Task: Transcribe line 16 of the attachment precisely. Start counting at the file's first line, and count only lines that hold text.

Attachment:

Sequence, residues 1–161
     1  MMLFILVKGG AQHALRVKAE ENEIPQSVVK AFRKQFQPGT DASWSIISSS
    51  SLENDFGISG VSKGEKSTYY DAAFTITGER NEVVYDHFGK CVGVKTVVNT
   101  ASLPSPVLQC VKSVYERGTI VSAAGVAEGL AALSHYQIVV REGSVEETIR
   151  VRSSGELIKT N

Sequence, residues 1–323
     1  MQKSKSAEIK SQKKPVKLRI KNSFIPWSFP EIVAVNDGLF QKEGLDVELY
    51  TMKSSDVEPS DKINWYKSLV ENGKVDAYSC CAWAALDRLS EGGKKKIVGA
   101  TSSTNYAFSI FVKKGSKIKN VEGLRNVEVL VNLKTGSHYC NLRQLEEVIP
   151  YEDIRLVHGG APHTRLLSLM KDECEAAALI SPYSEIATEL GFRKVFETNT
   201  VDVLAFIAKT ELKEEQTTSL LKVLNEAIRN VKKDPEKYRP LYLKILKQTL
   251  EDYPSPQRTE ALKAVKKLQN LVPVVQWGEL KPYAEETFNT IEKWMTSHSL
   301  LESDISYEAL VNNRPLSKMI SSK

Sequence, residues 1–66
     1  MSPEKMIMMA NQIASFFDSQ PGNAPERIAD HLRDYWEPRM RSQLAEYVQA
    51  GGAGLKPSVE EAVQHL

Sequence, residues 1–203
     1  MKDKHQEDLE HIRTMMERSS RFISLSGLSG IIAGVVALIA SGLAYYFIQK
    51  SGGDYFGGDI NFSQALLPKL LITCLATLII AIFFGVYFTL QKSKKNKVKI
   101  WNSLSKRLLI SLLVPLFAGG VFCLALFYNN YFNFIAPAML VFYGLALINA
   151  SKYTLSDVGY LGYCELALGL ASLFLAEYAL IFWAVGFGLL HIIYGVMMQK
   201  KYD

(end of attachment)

    51  GGAGLKPSVE EAVQHL